After edging out the Tampa Bay Rays in the ALDS, the Texas Rangers came into the ALCS looking like a hobbled gunslinger gearing up for a showdown with the fastest gun in the American League. In the end, the Yankees didn’t even get their gun out of their holster. Let’s take a look at what we learned about the new AL champs in the 2010 ALCS:
-Cliff Lee is a god. Okay, we may have already known this, but in the most over-hyped pitching performance of his career, Lee delivered. The lead-up to Game 3 was so over-the-top that the soft-spoken Arkansan was almost set up for failure. Instead he delivered. Lee only knows what a face-off with Tim Lincecum will be hyped up to.
-Josh Hamilton is just fine. The worries that his ribs weren’t 100% were valid and may have even been true, but the point seems to be moot now: the ALCS MVP had an otherworldly series (.350/.536/1.000 with 4 HR and 7 RBI). The Rays managed to shut him down in the Division Series by feeding him a steady diet of offspeed stuff and breaking pitches, a strategy the Yankees periodically attempted to emulate, but Hamilton proved this time that there’s not a glaring weakness in his game right now. The man even managed to wreak havoc when being intentionally walked. That’s domination.
-Starting pitching is still a concern. Starters not named Cliff Lee held the anemic Yankee offense to a 4.34 ERA in 29 innings of work, which isn’t bad, especially with the Rangers explosive offense, but that number is the result of a couple bad games and a fantastic one. You don’t get a trophy for averaging a good number, you get a trophy for winning games, and the Rangers starting pitching staff hasn’t shown they can shut down a lineup.
The two C.J. Wilsons that showed up in this series were the ones you saw in the regular season: when he can get the ball over the plate, he’s terrific. When he can’t…he’s A.J. Burnett, and the Rangers know just how beatable that guy is. Tommy Hunter was Tommy Hunter and kept his team in the game when he left it, while Colby Lewis was shut-down in his last start, but not in his first. Working in the Rangers favor? They don’t have to face the Yankee lineup in the World Series, so maybe their rotation can turn in more good performances than bad.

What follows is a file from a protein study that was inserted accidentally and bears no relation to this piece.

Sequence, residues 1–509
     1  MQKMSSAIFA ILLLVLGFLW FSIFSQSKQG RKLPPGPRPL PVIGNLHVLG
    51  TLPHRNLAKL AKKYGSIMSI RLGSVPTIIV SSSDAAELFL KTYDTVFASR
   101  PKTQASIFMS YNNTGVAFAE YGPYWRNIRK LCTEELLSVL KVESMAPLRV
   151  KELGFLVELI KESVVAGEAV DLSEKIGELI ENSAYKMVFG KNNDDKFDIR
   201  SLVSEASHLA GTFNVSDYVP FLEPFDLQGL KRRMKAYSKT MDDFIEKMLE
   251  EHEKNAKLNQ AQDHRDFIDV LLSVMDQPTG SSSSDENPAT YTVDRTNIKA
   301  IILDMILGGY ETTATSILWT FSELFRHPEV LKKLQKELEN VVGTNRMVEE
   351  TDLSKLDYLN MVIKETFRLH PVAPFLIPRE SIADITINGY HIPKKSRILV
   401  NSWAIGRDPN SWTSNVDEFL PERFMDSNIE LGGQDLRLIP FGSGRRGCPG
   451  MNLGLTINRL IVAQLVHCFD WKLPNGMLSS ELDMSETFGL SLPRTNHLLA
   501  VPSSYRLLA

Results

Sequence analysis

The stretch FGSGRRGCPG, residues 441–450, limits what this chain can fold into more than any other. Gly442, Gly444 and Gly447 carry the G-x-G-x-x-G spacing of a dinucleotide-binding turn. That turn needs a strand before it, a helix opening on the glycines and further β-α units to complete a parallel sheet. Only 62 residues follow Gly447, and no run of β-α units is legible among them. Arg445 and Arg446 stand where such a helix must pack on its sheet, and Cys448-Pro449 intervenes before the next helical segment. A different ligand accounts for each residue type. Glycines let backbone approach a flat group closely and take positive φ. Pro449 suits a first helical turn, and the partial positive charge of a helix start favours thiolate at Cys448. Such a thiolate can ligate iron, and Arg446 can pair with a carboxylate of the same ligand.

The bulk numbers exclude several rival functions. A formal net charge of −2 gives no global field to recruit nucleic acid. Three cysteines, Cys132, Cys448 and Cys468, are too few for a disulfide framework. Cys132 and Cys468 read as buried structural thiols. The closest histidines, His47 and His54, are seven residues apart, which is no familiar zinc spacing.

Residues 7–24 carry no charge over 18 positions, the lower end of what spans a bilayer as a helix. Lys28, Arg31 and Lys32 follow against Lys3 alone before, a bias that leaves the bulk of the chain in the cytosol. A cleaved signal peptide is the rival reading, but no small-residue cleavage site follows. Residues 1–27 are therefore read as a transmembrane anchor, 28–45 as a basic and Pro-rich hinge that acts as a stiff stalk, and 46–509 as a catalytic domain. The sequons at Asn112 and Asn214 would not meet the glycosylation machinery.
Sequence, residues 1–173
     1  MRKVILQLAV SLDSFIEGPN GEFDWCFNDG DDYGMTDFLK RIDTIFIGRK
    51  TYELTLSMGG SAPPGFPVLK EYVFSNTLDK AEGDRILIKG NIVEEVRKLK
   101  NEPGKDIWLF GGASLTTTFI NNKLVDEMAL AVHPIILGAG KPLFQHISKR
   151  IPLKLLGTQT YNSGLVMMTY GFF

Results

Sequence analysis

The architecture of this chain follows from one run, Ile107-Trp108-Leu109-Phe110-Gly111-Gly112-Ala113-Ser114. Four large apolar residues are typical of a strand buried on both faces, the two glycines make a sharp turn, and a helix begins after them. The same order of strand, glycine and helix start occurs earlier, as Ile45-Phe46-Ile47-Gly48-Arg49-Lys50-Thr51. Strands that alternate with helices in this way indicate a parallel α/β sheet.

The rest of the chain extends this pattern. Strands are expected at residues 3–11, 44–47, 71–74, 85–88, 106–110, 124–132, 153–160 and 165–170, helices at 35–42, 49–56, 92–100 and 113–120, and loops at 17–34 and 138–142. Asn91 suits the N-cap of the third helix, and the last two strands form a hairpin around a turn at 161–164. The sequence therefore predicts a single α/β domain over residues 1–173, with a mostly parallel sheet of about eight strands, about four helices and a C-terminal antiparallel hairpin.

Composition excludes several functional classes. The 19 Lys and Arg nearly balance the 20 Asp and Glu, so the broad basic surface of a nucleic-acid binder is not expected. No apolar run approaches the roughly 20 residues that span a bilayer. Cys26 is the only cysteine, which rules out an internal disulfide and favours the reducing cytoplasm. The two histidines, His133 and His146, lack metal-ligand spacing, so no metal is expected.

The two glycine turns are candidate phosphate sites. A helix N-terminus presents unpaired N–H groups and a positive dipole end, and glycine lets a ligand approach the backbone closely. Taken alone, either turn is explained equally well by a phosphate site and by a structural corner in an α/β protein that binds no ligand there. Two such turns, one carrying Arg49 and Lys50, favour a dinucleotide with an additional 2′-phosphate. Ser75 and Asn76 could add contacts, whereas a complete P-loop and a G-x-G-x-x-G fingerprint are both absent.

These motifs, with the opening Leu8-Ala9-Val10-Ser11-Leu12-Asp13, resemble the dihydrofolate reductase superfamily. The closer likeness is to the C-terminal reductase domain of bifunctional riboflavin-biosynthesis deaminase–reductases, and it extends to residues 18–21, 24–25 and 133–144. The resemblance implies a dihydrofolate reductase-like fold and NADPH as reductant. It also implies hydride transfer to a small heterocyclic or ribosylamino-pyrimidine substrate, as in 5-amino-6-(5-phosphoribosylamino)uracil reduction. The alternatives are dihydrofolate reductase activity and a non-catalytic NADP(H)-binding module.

-The bullpen is resilient. In order for the Rangers to win this series, they needed something with the Yankees to go wrong. In Game 1, they got it: CC Sabathia wasn’t pitching like the ace the Yanks needed him to be. It just wasn’t the best series for guys with abbreviated first names. One bullpen meltdown and twenty Ron Washington trips to the mound later, it looked like even when something went wrong the Yankees were still going to win.
After the meltdown, the bullpen was on lockdown, giving the Yankees the Mariano Rivera treatment for the rest of the series, surrendering only 1 run in 16 innings of work for a 0.56 ERA. Wow. Before the series, Ron Washington’s decision to stock the bullpens with more lefties than a Nancy Pelosi lookalike contest was widely panned, but he used them early, often, and effectively to shut down the Yankees, especially leaning on the 24 year-old Derek Holland, who did not give up a run in the series. If that bullpen success can continue into the World Series, the Rangers will have no problems. But that’s tough to sustain unless you are Mariano Rivera, and even his ERA balloons to 0.73.
-The Rangers have a good chance. The road they had to go through was tough: two of the fiercest, best teams in the AL with playoff experience and success, but they came through the other side victorious. Now pitted against the Giants in their franchise’s first playoff run, the Rangers will look to feed off of the energy they’ve tapped into so well so far and continue their improbable run.